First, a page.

What can be done?
Keep the aquifer clean
Protect the rainforest
Protect the ocean
There is no planet B
Care for it all
Or lose it all
Care - Act - Now!
- Lighthouse Foundation
- Reduce eutrophication of the ocean
Rainforest destruction heats up algae growth in the ocean
Flows - everything is interlinked!
Whether somewhere in Germany, Mexico or Brazil, we can do something to make this world a better place!
The Rio Negro and the Amazon meet at Manaus in Brazil. The Amazon is surrounded by rainforests, the largest in the world. They store carbon, indispensable in the climate crisis. They are home to at least 10% of the world's biodiversity.
The forest is cut down, burned and cleared to be used for agriculture, livestock breeding and grazing. The topsoil is washed away by the fields, nutrients reach the Amazon. The current flows 6,400 km to the ocean, draining half the continent into the Atlantic.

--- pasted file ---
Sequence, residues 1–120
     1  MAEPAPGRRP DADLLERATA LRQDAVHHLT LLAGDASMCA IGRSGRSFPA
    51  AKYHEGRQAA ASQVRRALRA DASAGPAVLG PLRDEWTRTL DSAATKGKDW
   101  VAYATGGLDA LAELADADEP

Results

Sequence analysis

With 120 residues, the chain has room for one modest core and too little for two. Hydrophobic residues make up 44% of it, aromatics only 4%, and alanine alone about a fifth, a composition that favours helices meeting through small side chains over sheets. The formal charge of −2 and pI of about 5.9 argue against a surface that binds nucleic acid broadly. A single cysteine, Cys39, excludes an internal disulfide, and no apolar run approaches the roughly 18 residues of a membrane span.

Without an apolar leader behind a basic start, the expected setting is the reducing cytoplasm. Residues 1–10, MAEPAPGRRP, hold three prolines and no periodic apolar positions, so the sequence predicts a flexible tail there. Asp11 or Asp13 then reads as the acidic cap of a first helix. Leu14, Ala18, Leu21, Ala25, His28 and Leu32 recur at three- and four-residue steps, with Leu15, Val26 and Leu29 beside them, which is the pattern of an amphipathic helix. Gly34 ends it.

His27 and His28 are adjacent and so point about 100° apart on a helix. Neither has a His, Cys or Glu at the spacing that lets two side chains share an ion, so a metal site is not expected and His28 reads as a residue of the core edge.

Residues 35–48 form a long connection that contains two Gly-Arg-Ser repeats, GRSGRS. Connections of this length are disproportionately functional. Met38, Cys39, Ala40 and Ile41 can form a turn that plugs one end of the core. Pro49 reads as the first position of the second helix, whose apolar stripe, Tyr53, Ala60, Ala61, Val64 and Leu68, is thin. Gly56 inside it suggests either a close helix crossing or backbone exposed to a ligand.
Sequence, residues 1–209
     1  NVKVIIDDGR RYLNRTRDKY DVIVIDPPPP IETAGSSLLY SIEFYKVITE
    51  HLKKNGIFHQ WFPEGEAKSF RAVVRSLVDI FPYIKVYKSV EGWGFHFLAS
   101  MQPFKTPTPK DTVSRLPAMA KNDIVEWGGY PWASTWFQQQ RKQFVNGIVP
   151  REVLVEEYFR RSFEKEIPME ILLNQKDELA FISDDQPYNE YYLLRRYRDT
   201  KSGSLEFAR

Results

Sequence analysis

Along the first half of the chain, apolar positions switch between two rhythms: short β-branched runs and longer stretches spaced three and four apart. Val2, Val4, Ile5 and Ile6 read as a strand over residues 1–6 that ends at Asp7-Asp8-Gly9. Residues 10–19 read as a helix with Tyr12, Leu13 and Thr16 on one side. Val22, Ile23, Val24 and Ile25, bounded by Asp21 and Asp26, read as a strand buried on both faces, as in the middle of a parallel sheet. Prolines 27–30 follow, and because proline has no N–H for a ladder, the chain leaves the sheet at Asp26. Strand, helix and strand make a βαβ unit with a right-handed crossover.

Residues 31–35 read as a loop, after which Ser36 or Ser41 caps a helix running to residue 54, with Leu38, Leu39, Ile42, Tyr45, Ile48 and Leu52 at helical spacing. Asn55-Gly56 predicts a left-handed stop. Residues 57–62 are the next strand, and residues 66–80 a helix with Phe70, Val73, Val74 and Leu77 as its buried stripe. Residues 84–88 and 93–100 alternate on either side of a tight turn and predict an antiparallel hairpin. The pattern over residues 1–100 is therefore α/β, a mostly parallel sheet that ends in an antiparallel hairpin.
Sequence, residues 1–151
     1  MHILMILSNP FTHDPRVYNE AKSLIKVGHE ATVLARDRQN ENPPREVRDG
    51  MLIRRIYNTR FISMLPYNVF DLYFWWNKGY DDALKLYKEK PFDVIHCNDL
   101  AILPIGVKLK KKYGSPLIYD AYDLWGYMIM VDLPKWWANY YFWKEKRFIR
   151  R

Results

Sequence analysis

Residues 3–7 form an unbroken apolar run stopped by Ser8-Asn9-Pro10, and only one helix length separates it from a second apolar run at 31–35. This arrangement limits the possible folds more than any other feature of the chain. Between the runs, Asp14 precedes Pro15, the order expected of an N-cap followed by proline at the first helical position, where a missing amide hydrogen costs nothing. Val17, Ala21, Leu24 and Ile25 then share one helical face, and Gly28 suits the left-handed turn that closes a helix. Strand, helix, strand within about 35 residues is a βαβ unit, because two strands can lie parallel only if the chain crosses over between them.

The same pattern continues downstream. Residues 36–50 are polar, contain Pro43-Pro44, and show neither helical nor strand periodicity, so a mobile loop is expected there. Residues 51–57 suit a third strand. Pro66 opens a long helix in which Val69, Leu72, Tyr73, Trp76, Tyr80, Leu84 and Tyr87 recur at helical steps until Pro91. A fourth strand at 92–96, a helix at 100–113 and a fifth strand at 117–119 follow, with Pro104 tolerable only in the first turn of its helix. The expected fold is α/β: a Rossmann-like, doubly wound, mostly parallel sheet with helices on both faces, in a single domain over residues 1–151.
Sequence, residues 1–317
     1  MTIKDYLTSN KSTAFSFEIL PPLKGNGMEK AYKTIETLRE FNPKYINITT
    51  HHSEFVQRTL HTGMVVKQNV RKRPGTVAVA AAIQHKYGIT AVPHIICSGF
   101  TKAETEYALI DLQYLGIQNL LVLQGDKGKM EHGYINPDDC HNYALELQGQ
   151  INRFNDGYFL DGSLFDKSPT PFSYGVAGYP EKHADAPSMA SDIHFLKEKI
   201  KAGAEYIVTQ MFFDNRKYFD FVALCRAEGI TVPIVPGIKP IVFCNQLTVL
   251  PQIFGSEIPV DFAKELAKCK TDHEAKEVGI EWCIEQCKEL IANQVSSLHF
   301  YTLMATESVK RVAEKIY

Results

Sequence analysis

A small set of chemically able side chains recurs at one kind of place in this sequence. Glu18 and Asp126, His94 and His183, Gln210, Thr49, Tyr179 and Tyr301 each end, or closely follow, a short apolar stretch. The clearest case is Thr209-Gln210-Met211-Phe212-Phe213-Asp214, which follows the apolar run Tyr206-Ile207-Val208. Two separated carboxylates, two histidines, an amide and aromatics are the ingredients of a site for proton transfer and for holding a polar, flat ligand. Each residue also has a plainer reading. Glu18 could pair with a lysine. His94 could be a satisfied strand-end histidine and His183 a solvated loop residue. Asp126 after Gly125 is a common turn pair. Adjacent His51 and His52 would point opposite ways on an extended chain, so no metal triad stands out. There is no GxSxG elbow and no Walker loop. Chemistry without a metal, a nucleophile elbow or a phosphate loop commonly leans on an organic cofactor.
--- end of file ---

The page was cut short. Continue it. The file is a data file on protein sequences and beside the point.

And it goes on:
The nutrient load causes algae growth to explode in the Caribbean and the Atlantic Ocean. An invasion of the Sargassum algae, the algae belt, stretches over more than 8,000 kilometres.
Decomposing Sargassum algae consume oxygen in the sea and cause death zones. Life in the sea suffers as a result. Sargassum algae are also washed up on the beaches of Mexico and cover the nesting sites of turtles, which can no longer lay eggs there. No eggs, no baby turtles.
Rotting algae release toxins and nutrients. This destroys coral reefs and kills the sea grass. The effects of deforestation are felt over thousands of kilometres from the Amazon to the Yucatán peninsula in Mexico.
Eutrophication through deforestation is a problem little looked after on a global scale. We now see that this is another consequence of the rapid global change and we have no time left to act.
Sustainable use of algae biomass in the Caribbean
Once the million tons of sargassum reach the shores dealing with the problem gets even more complicated. In the same way as new innovative ways of cleaning up the plastic pollution in the oceans are invented we need to address the vast amount of algae. And there might be a chance that we can even use them as a renewable source for energy, biochemicals etc. This seems much better then growing kelp in critical habitats to make biofuel.
The implementation of this approach will still require some research and experimentation, for which we will use the donations.
IBAN DE36 2105 0170 1003 9417 52